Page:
- Ursula Ward talks about the shock and pain of her son's murder
- Odin Lloyd's sister said her brother's death has felt like 'a bad dream'
Watch "Downward Spiral: Inside the Case against Aaron Hernandez" tonight at 9 ET.
(CNN)Ursula Ward kept repeating her son's name -- Odin.
She steadied herself against the podium in the Fall River, Massachusetts, courtroom and occasionally paused. She was tired after more than two years of pain, punctuated Wednesday when her son's killer, Aaron Hernandez, was convicted of first degree murder and sentenced to life in prison.
Odin Lloyd was her first born, her only son. "Odin was the backbone of the family. Odin was the man of the house. Odin was his sisters' keeper," Ward told Judge Susan Garsh, before Garsh sentenced the former pro-football player.
Lloyd was 27-years-old and working for a landscaping firm when he was killed in June 2013. He played football for the Boston Bandits, the oldest semi-pro team in Boston and the winner of four championships in the New England Football League, according to the team's website.
His mother, sister, uncle and cousin described him as a champion of family, a gifted athlete and a hard worker with a sense of humor.
They said he rode his bike several miles to get to work. He went to all of his niece's recitals.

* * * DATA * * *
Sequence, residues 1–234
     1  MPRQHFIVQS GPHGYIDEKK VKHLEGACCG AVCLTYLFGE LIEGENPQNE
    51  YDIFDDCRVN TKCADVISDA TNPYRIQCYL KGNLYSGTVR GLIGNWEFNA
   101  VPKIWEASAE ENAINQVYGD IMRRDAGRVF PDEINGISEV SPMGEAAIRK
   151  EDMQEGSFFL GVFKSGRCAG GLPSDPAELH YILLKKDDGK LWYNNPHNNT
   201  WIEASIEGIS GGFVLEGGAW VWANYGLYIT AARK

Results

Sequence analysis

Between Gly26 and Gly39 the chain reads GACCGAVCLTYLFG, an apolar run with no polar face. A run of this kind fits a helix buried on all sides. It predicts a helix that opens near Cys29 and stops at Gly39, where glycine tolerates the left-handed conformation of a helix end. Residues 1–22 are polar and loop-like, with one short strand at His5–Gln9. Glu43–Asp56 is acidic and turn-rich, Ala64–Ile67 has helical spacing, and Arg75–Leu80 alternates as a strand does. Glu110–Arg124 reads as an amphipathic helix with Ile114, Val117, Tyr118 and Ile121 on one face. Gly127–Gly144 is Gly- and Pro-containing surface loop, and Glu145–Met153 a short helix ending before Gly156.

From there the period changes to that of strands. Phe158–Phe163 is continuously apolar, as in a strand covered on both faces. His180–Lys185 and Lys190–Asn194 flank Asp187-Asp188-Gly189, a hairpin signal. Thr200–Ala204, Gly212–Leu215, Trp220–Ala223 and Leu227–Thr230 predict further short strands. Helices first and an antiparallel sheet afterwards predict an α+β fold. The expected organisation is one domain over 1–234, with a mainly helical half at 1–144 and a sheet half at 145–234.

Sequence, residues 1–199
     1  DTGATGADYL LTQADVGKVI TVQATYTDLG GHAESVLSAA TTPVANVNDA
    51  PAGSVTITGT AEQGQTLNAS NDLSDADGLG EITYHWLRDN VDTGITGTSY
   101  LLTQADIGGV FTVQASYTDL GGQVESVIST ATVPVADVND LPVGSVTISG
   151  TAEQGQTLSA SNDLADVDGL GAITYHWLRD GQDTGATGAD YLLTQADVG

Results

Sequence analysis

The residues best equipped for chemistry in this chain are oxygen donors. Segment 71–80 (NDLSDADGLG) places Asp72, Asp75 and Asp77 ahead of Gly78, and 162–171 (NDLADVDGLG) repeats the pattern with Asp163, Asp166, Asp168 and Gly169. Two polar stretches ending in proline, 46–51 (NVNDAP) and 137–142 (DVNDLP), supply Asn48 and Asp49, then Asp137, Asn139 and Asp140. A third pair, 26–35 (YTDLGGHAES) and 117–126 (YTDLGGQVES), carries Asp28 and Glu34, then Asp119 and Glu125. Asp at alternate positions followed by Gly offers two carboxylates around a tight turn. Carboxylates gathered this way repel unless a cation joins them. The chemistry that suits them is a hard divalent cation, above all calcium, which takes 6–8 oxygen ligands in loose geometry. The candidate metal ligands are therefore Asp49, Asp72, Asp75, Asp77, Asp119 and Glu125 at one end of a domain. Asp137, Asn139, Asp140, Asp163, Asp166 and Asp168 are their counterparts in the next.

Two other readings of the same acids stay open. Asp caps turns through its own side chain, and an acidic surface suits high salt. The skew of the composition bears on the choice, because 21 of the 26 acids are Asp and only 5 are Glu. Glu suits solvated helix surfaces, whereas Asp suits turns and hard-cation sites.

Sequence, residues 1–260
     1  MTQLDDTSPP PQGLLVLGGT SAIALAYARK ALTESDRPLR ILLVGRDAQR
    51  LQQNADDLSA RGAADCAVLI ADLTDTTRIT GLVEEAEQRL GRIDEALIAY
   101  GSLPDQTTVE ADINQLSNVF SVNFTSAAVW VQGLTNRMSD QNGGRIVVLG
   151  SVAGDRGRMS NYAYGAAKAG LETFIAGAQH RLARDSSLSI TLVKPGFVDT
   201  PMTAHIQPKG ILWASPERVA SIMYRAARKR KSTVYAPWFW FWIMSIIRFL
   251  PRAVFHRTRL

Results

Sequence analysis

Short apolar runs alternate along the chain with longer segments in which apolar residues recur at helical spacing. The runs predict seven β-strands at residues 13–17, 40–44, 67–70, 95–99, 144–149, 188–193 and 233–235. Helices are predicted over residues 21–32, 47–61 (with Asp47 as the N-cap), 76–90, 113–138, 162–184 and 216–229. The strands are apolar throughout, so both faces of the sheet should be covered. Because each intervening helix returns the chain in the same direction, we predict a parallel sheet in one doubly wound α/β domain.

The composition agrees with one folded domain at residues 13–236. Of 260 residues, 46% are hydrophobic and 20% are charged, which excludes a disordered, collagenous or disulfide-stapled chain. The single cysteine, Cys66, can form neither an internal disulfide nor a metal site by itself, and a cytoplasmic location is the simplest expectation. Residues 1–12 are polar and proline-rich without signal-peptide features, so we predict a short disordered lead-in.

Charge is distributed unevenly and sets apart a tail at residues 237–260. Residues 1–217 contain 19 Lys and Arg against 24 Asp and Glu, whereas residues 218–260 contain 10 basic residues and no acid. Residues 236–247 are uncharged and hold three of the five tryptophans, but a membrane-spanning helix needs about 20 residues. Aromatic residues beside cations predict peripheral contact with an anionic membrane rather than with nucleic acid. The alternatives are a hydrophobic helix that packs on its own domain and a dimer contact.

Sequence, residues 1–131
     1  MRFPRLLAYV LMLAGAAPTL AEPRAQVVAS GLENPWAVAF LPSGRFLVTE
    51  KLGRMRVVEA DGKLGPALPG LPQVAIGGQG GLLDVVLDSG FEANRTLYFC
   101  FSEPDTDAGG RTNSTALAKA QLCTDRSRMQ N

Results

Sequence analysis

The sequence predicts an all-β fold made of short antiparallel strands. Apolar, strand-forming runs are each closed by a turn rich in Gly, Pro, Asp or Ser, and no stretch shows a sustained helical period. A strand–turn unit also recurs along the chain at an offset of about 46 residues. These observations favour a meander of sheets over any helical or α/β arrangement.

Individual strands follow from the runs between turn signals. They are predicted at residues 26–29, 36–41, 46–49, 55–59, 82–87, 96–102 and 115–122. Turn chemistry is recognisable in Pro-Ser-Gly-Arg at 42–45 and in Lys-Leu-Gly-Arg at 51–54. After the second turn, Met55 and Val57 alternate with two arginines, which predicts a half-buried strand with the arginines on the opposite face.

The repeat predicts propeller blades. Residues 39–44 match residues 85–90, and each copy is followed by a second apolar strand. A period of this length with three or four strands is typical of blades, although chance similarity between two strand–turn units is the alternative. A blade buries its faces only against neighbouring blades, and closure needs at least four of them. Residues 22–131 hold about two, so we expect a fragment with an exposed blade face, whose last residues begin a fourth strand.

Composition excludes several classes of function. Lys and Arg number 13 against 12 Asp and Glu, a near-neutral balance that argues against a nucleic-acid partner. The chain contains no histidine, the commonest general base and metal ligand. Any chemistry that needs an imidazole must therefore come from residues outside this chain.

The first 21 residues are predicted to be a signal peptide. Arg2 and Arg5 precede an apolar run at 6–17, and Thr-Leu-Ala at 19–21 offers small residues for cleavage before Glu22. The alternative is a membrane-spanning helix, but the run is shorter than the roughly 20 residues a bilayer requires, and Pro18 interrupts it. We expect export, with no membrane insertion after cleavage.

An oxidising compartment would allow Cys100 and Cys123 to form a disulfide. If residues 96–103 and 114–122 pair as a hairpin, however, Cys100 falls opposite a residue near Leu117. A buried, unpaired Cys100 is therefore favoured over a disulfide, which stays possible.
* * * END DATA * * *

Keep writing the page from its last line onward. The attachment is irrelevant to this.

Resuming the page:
"Odin was my first best gift I (will) ever receive," his mother said. "I thank God (for) every second and every day of my son's life that I spent with him.
"The day I laid my son Odin to rest," she continued, pausing to maintain her composure, "I think my heart stopped beating for a moment. I felt like I wanted to go into that hole with my son, Odin."
She can still hear him talking to her: "'Ma, did you cook? Ma, go to bed. Ma, you're so beautiful.'"
Ed Lloyd followed Ward to address the judge.
Odin Lloyd's uncle thanked everyone who worked on the case against Hernandez.
His nephew, he said, "meant a lot to me."
"To see how he grew, the respect he had, the toughest thing for me is that I won't get to see him have a child...," Ed Lloyd said.
He loved watching his nephew and his son together. "A lot of people won't see from the outside the value and the riches (Odin Lloyd) had," he said.
"I'm sorry for where I stand today but I know that all the time I had with him was special and he'll always be with me."
Odin Lloyd's sister Olivia Thibou wept as she explained what it has felt like to lose her brother.
"These last couple years have been the hardest of our lives," she said, recalling that she was asked to writer her brother's eulogy. "I got to write all the great memories I have of him."
She laughed, recalling his insistence on wearing the same Adidas flip-flops until the soles wore away.
He was "prideful," she said. He would take her car out and just when she was starting to angry, he'd pull in with the car shining and clean, inside and out.
He taught her daughter how to ride a bike. His murder, she said, "feels like a bad dream."
Ward told the court that she constantly thinks about her son.
"I miss my baby boy Odin so much," she said. "But I know I'm going to see him again someday and that has given me the strength to go on."
She has also apparently gained strength from the act of forgiveness.
"I forgive the hands of the people that had a hand in my son's murder," she said. "I pray and hope that someday everyone out there will forgive them also."